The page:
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Title: Lilies and lace : an investigation into the relationship between hand and machine made costume lace through fashionable middle class consumption, 1851-1887
Author: Brompton, Ruth R. N.
ISNI:       0000 0001 3481 326X
Awarding Body: Nottingham Trent University
Current Institution: Nottingham Trent University
Date of Award: 2002
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This thesis investigates the relationship between hand and machine-made costume lace in the mid-Victorian period through an examination of the social issues in relation to its use and how it was viewed. Given that women were the prime consumers, I have examined lace through its relationship with the mid Victorian middle class woman. The idealised descriptions of lace as 'fairy-like' mystified the practical reality in which lace existed during this period (1851-1887) just as the concept of 'The Angel in the House' or John Ruskin's metaphor of 'ladies' as 'Lilies' belied the everyday reality of middle class women. Lace has proved to be especially useful in providing insights into the complexity of these women's lives, in a manner which few other generic objects or materials could accomplish. The metaphorical and social importance of lace to mid-Victorian middle class society is evident through the large amount of references to lace found in novels, women's magazines, advice books and in personal letters of women. Complementing this, the value of lace as a physically useful material has been demonstrated through the evidence cited of the use of lace upon costume and, still more importantly, through the evidence showing the extent of the reuse of lace. Between 1851 and 1887, hand and machine-made lace were both in commercial production, with the fashionable consumer market being further complicated by the growing interest in the leisured production of lace and the increasing social and financial value of 'old' lace. This thesis, shows that the use of lace by the middle class woman was carefully considered according to its required use. Practically, economically and equally importantly is its social significance to others. Furthermore, this thesis underlines, that items that are not generally deemed worthy of collection, including adapted, damaged and repaired items, are, for the social historian, the pieces which produce the greatest understanding of lace within the social context of consumption.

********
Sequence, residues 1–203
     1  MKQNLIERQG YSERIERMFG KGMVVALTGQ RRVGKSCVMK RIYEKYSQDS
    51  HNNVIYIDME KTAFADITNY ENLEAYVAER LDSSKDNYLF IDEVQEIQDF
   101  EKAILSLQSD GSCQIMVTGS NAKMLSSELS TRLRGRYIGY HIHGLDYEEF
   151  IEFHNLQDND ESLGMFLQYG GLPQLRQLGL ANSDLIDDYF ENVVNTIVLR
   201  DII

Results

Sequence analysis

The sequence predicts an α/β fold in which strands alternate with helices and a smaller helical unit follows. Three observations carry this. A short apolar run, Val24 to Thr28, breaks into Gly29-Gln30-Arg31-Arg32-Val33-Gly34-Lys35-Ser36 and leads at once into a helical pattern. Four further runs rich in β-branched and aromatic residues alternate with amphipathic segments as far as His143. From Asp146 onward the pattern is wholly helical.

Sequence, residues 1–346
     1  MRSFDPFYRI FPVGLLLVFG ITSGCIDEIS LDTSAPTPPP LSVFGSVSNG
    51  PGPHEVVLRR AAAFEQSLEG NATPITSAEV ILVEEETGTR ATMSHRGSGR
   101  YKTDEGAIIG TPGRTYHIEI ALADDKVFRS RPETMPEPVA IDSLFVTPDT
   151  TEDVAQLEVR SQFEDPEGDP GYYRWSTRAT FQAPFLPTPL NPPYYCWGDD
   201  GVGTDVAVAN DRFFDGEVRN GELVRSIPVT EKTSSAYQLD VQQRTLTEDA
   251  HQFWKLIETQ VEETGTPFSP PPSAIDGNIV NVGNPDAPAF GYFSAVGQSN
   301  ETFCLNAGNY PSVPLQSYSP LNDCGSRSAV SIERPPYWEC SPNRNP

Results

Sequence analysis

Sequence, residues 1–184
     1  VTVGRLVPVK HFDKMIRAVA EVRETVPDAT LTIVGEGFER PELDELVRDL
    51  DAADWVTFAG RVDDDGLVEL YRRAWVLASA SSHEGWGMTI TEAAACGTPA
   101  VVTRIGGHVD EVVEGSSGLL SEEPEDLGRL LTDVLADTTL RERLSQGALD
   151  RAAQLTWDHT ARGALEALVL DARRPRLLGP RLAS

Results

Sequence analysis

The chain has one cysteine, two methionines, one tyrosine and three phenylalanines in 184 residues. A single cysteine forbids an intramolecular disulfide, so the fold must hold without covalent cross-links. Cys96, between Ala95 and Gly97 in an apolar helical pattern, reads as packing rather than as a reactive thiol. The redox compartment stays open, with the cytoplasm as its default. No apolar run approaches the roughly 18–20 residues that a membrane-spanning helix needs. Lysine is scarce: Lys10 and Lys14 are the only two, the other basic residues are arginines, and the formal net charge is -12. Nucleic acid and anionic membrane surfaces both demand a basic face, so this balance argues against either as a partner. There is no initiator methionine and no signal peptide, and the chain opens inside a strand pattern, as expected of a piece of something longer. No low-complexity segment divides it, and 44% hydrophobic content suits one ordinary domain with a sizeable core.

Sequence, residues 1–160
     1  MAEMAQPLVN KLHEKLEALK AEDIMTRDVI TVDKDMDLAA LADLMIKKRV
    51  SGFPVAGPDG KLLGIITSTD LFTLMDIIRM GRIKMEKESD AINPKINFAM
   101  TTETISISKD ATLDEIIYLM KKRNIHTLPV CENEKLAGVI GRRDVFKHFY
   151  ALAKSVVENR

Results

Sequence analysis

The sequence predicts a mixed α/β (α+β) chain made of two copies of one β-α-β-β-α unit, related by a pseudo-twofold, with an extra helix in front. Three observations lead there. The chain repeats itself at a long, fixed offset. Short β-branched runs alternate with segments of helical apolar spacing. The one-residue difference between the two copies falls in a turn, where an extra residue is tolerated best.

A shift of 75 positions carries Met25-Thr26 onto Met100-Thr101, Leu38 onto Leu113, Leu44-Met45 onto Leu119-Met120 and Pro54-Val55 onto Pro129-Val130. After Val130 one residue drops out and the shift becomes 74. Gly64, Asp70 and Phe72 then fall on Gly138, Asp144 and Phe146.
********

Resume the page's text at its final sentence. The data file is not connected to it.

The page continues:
Supervisor: Not available Sponsor: Not available
Qualification Name: Thesis (Ph.D.) Qualification Level: Doctoral
EThOS ID:  DOI: Not available
Keywords: Mid Victorian middle class women